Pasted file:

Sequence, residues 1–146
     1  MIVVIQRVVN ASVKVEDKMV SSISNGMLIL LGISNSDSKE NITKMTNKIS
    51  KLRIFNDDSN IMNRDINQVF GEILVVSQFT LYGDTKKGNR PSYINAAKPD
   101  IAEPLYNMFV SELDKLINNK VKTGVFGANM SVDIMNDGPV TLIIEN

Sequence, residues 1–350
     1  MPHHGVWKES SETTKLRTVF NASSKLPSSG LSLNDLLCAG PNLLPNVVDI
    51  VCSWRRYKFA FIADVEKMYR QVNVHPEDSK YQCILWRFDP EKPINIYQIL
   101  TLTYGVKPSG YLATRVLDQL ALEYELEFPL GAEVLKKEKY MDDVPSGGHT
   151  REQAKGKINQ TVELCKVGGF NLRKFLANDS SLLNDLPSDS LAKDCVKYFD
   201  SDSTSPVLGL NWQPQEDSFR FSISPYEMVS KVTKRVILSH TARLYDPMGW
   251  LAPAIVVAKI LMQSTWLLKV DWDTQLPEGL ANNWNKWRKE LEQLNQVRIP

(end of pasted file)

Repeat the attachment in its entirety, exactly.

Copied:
Sequence, residues 1–146
     1  MIVVIQRVVN ASVKVEDKMV SSISNGMLIL LGISNSDSKE NITKMTNKIS
    51  KLRIFNDDSN IMNRDINQVF GEILVVSQFT LYGDTKKGNR PSYINAAKPD
   101  IAEPLYNMFV SELDKLINNK VKTGVFGANM SVDIMNDGPV TLIIEN

Sequence, residues 1–350
     1  MPHHGVWKES SETTKLRTVF NASSKLPSSG LSLNDLLCAG PNLLPNVVDI
    51  VCSWRRYKFA FIADVEKMYR QVNVHPEDSK YQCILWRFDP EKPINIYQIL
   101  TLTYGVKPSG YLATRVLDQL ALEYELEFPL GAEVLKKEKY MDDVPSGGHT
   151  REQAKGKINQ TVELCKVGGF NLRKFLANDS SLLNDLPSDS LAKDCVKYFD
   201  SDSTSPVLGL NWQPQEDSFR FSISPYEMVS KVTKRVILSH TARLYDPMGW
   251  LAPAIVVAKI LMQSTWLLKV DWDTQLPEGL ANNWNKWRKE LEQLNQVRIP